Wednesday, April 29, 2015

FDR's policies prolong the great depression

FDR was Time man of the year in 1933
In 1932 Franklin Deleno Roosevelt was elected in a Landslide. While he was never able to end the Great Depression, he, via his great speaking ability, managed to restore confidence in the American people.

A theory by a great economist and thinker by the name of Maynard Keynes was growing in popularity at this time, and it was termed Keynesian Economics. He believed an economy becomes depressed because people stop spending money. Thus, there is no demand for the goods and services.

Since people stop spending, businesses and industries don’t make a profit. Many of them will lay off workers, many others will close their doors altogether.

To solve this problem, Keynes proposed that it was the role of government to increase demand for these goods and services. It was in this spirit that he believed it was acceptable to return to pre-Roaring 20s tax and spend policies (he created many government programs, and raised the top marginal tax rate back up to 90 percent during his term in office).

FDR, desperate to end the Great Depression, adapted Keynes economic policy. Thus, with the New Deal, he proposed several government programs that would increase government spending. In essence, FDR created Big Government. (He did not, however, intend on it becoming the beast it is today.)

The Great Depression dragged on for years until it ran out its course by the end of WWII. Some experts say it was FDRs policies, coupled with increased spending during WWII, that caused it to come to an end.  But others argue with this theory, noting that, had WWII ended it, then why did the government resort to rations and forcing people to sell their gold to the government.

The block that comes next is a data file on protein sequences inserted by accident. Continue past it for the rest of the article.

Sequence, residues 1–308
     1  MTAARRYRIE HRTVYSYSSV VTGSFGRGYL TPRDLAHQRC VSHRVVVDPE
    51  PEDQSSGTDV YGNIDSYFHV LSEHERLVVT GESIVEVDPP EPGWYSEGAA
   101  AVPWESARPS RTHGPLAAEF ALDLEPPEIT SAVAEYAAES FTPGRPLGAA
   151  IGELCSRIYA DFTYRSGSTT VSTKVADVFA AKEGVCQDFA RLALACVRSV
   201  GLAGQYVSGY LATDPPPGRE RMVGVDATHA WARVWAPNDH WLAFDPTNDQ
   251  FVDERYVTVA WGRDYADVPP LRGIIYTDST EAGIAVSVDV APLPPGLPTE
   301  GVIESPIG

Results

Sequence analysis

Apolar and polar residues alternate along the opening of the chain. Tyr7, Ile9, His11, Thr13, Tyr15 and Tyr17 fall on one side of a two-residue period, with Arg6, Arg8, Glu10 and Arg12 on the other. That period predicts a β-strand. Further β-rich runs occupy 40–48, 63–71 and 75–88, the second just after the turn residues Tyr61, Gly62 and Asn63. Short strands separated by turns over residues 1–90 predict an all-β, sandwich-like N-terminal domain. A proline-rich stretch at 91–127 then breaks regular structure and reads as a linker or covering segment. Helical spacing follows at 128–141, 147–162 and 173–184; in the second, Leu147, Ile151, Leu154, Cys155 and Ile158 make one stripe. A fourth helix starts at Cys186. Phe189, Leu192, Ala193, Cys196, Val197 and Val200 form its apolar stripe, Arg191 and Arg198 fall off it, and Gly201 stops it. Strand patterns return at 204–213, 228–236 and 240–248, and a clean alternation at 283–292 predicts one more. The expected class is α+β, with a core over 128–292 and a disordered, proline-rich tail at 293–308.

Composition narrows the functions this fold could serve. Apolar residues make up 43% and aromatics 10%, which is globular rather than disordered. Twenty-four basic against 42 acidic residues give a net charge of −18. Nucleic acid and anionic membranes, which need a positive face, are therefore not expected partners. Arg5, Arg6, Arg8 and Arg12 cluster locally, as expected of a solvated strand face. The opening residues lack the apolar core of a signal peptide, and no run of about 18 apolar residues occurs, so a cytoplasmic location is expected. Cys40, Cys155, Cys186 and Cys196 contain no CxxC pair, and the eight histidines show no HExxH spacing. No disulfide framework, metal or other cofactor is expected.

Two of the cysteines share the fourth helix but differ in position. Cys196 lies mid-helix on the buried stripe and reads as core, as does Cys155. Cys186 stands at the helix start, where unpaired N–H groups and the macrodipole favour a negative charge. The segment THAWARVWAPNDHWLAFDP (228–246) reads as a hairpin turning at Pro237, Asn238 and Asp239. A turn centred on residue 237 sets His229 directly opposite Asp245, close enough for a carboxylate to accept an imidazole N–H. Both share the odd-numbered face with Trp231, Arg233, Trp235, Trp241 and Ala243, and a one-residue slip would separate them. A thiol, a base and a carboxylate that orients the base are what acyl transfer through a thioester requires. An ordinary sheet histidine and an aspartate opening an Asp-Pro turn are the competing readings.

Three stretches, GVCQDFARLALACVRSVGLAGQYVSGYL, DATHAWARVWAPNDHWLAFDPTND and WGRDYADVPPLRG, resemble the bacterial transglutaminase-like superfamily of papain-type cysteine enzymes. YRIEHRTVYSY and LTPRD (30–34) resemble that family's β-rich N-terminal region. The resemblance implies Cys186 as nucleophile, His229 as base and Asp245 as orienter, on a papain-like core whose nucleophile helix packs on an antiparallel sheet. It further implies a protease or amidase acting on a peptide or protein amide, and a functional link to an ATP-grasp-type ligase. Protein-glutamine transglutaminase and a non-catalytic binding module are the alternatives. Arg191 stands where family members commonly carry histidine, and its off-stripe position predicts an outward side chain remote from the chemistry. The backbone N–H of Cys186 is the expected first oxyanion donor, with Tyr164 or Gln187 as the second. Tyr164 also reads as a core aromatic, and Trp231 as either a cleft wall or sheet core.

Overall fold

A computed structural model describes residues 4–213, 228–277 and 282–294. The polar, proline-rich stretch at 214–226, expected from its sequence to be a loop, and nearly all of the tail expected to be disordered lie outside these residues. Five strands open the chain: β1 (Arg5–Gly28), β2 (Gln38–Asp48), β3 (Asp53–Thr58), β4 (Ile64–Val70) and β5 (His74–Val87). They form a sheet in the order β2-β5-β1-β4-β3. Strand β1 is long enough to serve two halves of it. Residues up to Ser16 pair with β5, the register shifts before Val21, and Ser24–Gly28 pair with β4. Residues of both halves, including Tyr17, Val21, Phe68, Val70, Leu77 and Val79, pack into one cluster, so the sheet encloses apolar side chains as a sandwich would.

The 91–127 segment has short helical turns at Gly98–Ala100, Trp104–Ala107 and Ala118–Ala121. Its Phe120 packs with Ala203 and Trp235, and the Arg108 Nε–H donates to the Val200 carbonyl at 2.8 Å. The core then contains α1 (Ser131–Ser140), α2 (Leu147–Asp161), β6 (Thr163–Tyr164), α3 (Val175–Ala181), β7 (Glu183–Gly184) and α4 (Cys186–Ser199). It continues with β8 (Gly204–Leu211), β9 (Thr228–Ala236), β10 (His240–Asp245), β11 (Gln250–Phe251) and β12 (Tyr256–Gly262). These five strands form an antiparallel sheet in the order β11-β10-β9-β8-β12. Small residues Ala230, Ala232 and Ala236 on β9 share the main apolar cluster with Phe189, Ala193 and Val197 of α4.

A better argument is that the depression continued through WWII, only to come to an end as later presidents reduced taxes to encourage savings and investment.  Those who support this argument believe that Roosevelt's tax and spend policies are what turned a regular depression into the Great Depression.

Consider, for a moment, that there were many recessions and depressions prior to the one FDR inherited, and all of those lasted only a few years.  The reason they were short lived was because presidents prior to FDR believed it was the role of government to make minor tweaks to create a stable economic environment, but it was the role of individual businesses to fix the unemployment rate.

Two examples here are Grover Cleveland and the depression of 1893-95, and Warren G. Harding and the depression of 1920-21.  Grover Cleveland believed his role was to stay out of the way, and Warren G. Harding cut spending and taxes to get government out of the way.  In both these instances the depressions were short lived.

Despite this evidence, FDR (along with Herbert Hoover) chose to do the opposite.  He increased the scope and size of government, and to pay for these programs he raised tripled taxes.  While his programs may have helped the poor, they did little to spur economic growth.  By doing so, the argument is that FDR did nothing to end the depression, instead he prolonged it.

So, while Herbert Hoover's policies may have caused the Great Depression, FDR's policies prolonged it.  Yet considering the people were so desperate, and believed (or felt) that doing something (even something stupid) was better than doing nothing, FDR as a hero, and Time Magazine even named him Man of the Year in 1933.